Ethnically, I share a similar breakdown to Jordan Clarkson. My maternal grandfather was Filipino (his mother is half Filipino). The remainder of my mother’s family is mixed African-American in one manner or another, as is my father’s family. I did not grow up with any exposure to Filipino culture or history. I was raised in the United States as an African-American, as was he (the family that I was exposed to on an everyday basis). I do not consider myself to be a Filipino (though it is a crucial part of my ethnic makeup) and as I did not grow up in the Philippines, I would never consider playing for that nation. In previous years, countries have poached moderate NBA talent in order to compete on an international stage (Chris Kamen playing for Germany immediately comes to mind) and I consider that to be a farce. To me, this seems to be primarily an opportunity for marketing for the purpose of self promotion.
Idle – I think Clarkson’s situation is different though. Chris Kaman playing for Germany is a farce. Andre Blatche playing for the Philippines is a total travesty. Becky Hammon playing for Russia is a farce. But Clarkson’s mom is full Filipino, and she applied for a Philippine passport for JC when he was 14.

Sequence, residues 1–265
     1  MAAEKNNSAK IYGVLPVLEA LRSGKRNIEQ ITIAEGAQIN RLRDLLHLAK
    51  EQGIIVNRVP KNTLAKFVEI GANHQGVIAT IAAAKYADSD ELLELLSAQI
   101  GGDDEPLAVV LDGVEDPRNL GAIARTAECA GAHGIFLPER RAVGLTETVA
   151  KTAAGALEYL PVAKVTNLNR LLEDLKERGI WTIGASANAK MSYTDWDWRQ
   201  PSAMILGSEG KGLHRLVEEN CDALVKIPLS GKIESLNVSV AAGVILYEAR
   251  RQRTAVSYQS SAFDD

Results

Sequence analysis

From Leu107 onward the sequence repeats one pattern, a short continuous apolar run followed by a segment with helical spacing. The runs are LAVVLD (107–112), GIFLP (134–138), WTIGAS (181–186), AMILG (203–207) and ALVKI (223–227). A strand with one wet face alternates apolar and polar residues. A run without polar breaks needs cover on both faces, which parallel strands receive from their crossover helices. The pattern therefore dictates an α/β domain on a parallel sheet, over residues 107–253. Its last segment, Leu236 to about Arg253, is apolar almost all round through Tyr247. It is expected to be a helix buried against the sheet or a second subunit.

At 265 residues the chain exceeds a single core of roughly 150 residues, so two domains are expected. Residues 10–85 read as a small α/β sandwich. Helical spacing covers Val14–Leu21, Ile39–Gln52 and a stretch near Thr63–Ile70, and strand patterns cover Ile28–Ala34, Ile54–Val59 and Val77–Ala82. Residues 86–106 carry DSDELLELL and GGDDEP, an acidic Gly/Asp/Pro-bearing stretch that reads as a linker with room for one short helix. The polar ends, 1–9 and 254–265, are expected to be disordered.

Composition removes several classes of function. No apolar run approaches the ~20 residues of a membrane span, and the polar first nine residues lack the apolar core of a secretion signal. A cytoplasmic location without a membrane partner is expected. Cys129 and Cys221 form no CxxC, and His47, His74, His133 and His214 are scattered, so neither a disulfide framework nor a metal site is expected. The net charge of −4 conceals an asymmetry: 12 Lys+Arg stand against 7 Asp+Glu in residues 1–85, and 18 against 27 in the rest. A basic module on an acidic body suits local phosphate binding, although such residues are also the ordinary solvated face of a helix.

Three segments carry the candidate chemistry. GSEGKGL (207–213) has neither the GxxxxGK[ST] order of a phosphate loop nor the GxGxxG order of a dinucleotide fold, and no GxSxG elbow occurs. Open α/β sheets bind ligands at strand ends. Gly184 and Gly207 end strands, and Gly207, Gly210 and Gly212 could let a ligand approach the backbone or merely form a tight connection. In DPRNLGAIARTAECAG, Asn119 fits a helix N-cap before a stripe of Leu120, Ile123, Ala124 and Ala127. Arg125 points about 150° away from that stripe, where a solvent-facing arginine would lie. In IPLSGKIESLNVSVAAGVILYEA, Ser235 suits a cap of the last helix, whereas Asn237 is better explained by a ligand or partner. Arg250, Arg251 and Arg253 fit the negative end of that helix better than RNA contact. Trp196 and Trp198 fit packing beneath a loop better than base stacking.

VI Guy says
“To me, this seems to be primarily an opportunity for marketing and for the purpose of self promotion…”.
–The NBA, itself, is primarily about marketing and self-promotion. More power to Jordan if he can expand his brand. Not to mention,it benefits the Lakers who are already pretty beloved in the Philippines.
Darius Soriano says
If you can’t follow the commenting guidelines, your comments will get deleted. So, yeah.
Craig W. says
I have no idea what you tried to post – and don’t really care – but simply calling Darius a communist as a way to insult someone would seem to be way out of line.
Darius has gone out of his way to keep this blog non-political and I am not sure what you would be talking about – except maybe that you equate Darius to the ‘state’ and don’t like his rules. I would remind you that those rules evolved with Kurt, back around 2005, and they have served this site well. It is one of the most respected blogs in the sports universe. Perhaps you need to take a chill pill before you start spouting ‘names’.
You have your experience and identity and Clarkson has his own. It seems really presumptuous to speak to how he identifies based on your experience. Many people have had their cultures forcibly marginalized, and it’s inspiring to see young people like Clarkson reclaiming that identity in a self-affirming and positive way. He’s connecting with the likes of Pacquiao and making a career-long commitment to their team. Plus, going to the Olympics is a pretty big deal in terms of individual accomplishments for any athlete. Good for Clarkson.
Im all for players representing their country if they desire to do so, it helps the game itself, but if it’s going to get in the way of the bigger responsability to play for the team that pays him i would think twice. @Warren im optimistic but you beat me sir, 45 wins? I hope so but i doubt it, i would be fine with 35 wins.